It struck me while the fires were burning and after they were finally contained that no one seemed to know what to do. Or they knew, but didn’t believe that any of the things that might stop forest fires would be done. People, a local journalist told The News Hour, will continue to move inland with property on the Pacific coast prohibitively expensive. California will continue to get drier due to global warming. He was being interviewed from his home via Skype. He was tired and looked a little weepy, or maybe his eyes were irritated from all the smoke in the air. In any case, there was a lethargic fatalism to his words. As if he didn’t think there was anything we could do to save ourselves.
Of course, there are many things we can do to save ourselves, but will we do them? That’s the question. A lot of the things we need to do come under the heading of restriction. We need to stop doing a lot of things the way we’ve been doing them up to now, or do less of them. Nobody wants to restrict themselves, or to be restricted for their own good, certainly not Americans. We want to go where we want to go and do what we want to do: live in the middle of a forest where the electrical lines connecting our house to the comforts of modernity might spark and start a fire that consumes it and hundreds of others, or live on the beach in a house on stilts that will wash away when the next big storm comes through.
As it happened, my cousin in California’s house and neighborhood didn’t burn. She and her family returned safe and sound after several days, but what about the next time? Will she be so lucky? What if it’s my sister or niece who have to flee?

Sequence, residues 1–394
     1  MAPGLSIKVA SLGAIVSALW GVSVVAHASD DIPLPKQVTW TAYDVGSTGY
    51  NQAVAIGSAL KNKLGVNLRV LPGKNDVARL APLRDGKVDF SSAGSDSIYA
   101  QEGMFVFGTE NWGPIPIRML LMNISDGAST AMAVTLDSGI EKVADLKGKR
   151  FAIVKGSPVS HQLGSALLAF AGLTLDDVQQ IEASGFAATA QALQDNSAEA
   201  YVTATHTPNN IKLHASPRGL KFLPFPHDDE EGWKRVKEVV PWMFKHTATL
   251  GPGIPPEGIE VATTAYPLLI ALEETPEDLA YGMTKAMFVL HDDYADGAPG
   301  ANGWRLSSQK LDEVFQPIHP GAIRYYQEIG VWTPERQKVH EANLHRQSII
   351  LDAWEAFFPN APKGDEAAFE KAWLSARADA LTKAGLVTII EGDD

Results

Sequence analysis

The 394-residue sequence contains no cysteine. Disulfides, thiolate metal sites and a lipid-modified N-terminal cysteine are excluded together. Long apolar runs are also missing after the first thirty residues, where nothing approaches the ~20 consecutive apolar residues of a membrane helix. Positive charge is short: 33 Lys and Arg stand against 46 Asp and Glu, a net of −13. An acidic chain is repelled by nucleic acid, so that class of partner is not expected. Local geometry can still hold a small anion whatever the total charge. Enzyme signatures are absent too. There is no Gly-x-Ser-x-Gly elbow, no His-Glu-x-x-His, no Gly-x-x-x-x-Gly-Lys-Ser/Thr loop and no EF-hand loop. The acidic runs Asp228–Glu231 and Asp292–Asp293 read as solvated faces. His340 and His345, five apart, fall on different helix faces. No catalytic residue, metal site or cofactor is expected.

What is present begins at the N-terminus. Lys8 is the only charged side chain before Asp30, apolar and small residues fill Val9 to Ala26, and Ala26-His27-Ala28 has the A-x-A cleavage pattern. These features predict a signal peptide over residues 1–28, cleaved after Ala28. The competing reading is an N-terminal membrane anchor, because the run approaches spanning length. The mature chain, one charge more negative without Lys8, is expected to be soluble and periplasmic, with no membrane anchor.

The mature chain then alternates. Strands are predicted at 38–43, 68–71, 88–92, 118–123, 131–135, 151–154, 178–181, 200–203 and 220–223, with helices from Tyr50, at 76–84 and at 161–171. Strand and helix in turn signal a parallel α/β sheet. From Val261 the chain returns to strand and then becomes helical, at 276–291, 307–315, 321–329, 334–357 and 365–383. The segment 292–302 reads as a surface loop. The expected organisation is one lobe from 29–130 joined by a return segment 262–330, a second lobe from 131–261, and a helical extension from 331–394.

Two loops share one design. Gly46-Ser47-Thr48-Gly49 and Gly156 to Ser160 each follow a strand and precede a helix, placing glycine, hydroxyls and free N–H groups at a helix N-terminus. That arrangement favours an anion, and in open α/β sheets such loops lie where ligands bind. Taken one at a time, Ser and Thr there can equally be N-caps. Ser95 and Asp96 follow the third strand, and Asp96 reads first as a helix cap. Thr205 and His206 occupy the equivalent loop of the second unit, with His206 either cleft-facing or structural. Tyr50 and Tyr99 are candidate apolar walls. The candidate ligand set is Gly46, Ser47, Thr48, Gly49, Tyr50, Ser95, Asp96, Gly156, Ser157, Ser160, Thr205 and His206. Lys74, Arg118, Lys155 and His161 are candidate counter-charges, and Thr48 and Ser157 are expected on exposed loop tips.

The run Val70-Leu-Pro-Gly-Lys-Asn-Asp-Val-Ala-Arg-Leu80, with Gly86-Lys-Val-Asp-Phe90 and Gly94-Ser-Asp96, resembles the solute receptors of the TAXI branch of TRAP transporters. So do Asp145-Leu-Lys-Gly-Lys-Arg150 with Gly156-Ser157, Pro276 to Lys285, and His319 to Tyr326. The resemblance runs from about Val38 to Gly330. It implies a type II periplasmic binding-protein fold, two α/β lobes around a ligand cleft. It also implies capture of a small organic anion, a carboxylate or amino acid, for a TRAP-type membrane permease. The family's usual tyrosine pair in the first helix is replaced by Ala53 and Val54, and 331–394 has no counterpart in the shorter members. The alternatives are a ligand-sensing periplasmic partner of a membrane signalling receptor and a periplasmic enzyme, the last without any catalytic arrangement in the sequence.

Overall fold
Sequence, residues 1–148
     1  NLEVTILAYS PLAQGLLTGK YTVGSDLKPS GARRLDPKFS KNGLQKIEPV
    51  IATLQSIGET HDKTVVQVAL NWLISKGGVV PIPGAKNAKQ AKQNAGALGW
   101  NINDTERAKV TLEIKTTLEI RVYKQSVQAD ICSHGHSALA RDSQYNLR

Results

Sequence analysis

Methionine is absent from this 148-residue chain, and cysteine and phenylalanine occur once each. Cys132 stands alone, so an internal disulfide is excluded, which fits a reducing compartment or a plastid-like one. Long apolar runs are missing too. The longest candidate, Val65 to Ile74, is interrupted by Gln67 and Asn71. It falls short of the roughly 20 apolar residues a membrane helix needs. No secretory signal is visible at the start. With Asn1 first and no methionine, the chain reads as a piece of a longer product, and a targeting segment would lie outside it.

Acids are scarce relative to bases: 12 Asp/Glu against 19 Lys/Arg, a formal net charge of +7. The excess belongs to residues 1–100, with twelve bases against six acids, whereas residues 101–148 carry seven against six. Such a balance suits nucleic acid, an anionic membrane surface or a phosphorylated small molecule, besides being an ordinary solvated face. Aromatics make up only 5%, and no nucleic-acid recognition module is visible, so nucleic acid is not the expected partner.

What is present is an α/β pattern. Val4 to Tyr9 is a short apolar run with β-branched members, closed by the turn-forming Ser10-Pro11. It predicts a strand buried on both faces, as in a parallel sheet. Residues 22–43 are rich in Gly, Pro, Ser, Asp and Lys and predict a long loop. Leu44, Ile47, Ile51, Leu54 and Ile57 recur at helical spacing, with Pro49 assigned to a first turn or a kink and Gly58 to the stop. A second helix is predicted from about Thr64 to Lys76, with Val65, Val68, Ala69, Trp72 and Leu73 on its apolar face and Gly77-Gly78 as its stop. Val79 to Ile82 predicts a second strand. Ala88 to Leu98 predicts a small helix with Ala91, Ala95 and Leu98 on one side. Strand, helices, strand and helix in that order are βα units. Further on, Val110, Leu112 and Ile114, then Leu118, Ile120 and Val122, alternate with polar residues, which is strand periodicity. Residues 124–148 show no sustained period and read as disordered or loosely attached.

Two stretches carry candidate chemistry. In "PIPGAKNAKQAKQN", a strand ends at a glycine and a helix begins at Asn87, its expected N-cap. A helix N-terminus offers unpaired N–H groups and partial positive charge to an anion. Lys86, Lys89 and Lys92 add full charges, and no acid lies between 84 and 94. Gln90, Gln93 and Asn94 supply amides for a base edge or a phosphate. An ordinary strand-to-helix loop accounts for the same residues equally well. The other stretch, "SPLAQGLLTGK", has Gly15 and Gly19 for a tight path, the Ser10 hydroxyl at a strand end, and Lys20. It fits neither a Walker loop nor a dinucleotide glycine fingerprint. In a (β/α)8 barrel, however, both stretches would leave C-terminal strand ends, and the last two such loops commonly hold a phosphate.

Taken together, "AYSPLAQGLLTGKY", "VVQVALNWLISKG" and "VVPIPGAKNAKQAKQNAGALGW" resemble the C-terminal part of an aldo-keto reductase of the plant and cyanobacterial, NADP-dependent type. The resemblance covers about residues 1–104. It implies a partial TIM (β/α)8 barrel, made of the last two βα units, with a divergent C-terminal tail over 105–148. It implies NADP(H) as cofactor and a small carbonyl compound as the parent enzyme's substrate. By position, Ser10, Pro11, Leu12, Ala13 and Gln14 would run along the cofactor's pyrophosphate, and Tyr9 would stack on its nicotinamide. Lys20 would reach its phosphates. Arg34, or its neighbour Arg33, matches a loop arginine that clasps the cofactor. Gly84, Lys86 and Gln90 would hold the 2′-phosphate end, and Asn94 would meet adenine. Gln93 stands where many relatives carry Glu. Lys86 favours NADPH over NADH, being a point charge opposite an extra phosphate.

Restriction, retreat (from the forests and the coasts). None of that sounds very appealing, does it? You only retreat when all is lost, when half your army is dead or dying, when there’s no possible way to fight on. But do we want to wait that long? Do we want to wait until half of us are dead and the other half are crawling out of the mud on our hands and knees? Or do we want to execute what there is a long and respected tradition in the military of doing: beating a tactical retreat? To avoid a battle you can’t win. To save your strength and resources for the longer war.
Which we might not win either. Which it’s looking increasingly like we won’t. Certainly not with the present administration casting what few environmental regulations we have to the wind, certainly not by our government pulling out of every international climate agreement (insufficient as they were), and calling the science of global warming a lie. We need better leaders, but we too need to be better. We need to be adults and learn to live with less. How’s that for a political message? I remember during the oil crisis when Jimmy Carter told Americans they might have to turn the heat down and put on a sweater. He lost the next election.
But maybe times have changed. Maybe. Maybe the next president will believe in science and have the courage to say so. The usual objection to the science of global warming and the call for more environmental regulation is that it’s a job-killer, but it seems to me that a lot of jobs got burned up in California last month. Apparently, not regulating the environment is a job killer, too. And a people and animal killer. And a community destroyer. All those things we say we hold dear.
Can the human race be proactive and save itself? Gosh, I hope so. Because this isn’t an abstraction anymore. It’s happening now. It’s happening to us all.
I couldn’t agree more, Linda.
And, I just moved out here.
And after the fires, then we have the rain, and the mudslides.
As always, a thoughtful, well written article on subjects that matter.
Keep writing please!
Well done, as always We are decades late in waking up to our climate reality, and we’ve passed the point of turning back the tide of clmate change, so retreat and mitigation are the only sane and adult responses.